BP ($40; BP) said cement used to plug a damaged oil well in the Gulf of Mexico has hardened, closing off the well. This month, the oil giant expects to finish a relief well that should permanently seal the ruptured well. BP also deposited its first $3 billion into a fund that should ultimately contain $20 billion to cover liabilities related to the spill.
According to a BP audit completed seven months before the explosion, Transocean’s ($56; RIG) rig Deepwater Horizon suffered from an array of maintenance problems. Transocean said it corrected all critical problems and that an independent inspection found the rig in good condition days before the explosion.
In related news, Transocean maintains that its 400-page contract with BP shelters the rig owner from nearly all lawsuits and fines related to the spill. However, Transocean acknowledged it must deal with the civil lawsuits filed by the families of nine workers who died in the accident. BP and Transocean are rated B (average).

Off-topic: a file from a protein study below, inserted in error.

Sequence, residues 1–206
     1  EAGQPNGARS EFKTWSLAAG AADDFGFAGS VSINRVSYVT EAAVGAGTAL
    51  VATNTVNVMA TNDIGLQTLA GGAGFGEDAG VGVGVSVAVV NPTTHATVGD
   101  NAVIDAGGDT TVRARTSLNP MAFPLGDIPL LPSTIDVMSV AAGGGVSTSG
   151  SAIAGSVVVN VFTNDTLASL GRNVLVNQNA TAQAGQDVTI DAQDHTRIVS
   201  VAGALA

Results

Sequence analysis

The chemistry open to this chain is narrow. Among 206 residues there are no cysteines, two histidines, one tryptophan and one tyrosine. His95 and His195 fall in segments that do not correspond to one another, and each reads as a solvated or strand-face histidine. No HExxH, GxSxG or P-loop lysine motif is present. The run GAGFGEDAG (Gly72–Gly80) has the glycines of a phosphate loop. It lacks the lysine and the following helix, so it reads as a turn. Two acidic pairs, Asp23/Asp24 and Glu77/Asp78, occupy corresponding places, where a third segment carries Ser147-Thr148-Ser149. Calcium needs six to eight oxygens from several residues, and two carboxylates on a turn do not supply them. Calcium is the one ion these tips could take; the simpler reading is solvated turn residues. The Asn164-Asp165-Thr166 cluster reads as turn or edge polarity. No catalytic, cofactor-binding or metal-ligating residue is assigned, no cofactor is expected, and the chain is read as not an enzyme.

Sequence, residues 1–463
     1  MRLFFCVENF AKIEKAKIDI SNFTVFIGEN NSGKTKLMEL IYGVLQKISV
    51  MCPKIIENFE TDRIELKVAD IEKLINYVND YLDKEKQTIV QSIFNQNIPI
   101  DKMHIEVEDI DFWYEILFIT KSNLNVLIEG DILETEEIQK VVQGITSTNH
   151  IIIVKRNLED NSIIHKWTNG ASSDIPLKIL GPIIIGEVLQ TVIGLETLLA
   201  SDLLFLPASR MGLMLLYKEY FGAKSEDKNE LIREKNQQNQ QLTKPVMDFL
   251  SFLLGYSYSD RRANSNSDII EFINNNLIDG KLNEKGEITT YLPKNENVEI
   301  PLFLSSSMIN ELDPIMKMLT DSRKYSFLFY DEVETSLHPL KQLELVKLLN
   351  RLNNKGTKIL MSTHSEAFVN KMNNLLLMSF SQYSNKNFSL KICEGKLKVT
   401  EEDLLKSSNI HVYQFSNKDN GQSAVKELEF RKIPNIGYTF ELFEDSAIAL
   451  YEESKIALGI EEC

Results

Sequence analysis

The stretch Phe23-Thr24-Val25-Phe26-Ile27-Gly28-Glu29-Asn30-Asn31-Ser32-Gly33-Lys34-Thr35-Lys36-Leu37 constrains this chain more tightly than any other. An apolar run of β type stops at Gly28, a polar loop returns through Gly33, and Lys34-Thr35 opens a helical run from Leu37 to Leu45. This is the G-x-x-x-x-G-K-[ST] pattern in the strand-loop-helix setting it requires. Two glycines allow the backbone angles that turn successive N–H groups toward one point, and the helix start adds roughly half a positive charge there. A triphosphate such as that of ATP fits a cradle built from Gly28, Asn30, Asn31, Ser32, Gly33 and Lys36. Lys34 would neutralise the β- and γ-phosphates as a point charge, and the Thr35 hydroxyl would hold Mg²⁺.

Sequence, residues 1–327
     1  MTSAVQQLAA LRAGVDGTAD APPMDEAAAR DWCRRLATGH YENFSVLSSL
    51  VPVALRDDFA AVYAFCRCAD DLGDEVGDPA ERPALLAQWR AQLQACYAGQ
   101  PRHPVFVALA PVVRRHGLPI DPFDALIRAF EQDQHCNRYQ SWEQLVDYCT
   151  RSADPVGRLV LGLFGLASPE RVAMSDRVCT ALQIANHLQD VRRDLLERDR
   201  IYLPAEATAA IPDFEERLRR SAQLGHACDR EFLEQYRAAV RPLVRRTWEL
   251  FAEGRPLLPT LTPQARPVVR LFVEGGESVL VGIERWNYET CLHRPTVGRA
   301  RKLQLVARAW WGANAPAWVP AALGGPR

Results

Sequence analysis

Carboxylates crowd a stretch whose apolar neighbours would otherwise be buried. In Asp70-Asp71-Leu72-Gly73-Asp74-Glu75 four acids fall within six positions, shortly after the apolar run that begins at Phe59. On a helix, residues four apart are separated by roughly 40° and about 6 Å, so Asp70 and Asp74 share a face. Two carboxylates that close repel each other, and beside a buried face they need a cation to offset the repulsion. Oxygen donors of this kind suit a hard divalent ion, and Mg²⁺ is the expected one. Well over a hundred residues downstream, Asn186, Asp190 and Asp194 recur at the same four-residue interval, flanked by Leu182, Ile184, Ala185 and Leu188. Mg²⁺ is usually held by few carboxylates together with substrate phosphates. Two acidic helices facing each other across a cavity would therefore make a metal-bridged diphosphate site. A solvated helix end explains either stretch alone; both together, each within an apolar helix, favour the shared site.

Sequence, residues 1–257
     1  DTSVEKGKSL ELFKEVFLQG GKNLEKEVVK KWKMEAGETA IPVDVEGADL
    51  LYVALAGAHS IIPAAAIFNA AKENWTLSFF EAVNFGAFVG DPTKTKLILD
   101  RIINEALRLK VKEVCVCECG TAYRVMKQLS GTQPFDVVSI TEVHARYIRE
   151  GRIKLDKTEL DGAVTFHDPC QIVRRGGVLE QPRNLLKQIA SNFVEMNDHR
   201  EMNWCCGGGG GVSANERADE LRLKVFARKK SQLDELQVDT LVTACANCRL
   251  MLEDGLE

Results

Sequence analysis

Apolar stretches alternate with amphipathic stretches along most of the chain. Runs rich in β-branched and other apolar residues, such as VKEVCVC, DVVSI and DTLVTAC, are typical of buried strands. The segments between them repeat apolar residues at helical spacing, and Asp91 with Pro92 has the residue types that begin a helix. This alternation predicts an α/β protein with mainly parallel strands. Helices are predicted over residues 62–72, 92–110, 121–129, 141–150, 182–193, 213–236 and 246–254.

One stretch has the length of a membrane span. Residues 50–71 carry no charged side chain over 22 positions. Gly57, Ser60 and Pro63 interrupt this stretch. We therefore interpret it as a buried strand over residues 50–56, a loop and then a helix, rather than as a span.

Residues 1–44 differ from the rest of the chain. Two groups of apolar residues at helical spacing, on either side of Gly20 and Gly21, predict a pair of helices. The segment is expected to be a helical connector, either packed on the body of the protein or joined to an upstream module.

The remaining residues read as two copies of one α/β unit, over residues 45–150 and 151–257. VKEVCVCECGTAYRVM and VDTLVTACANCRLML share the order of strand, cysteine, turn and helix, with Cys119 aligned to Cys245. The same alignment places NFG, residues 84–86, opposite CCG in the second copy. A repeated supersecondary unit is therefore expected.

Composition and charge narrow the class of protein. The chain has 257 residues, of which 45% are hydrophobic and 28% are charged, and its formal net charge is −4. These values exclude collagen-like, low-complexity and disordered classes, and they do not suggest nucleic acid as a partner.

Newmont Mining ($57; NEM) is considering spinning off part of its Indonesian business via a public stock offering. Newmont, which owns a 31.5% interest in the operations, faces opposition from at least one large stakeholder. Separately, Indonesian workers agreed to end their strike against Newmont that had centered on overtime payments. Newmont is a Focus List Buy and a Long-Term Buy.
J.P. Morgan Chase ($39; JPM) purchased a $3.5 billion portfolio of real-estate loans from Citigroup ($4; C). Terms of the deal were not released. J.P. Morgan is a Buy and Long-Term Buy. Citigroup is rated C (below average).
Varian Medical Systems ($57; VAR) authorized the repurchase of 8 million shares by September 2011, representing more than 6% of shares outstanding. Varian is a Focus List Buy and a Long-Term Buy.
AstraZeneca ($53; AZN) agreed to pay $198 million to settle roughly 17,500 U.S. lawsuits claiming the drugmaker failed to properly warn patients that antipsychotic drug Seroquel could cause diabetes. AstraZeneca is rated B (average).
In a late-stage trial, Amgen’s ($56; AMGN) colon-cancer drug Vectibix failed to extend the lives of patients suffering from head and neck cancer in a statistically significant way. Amgen is rated B (average).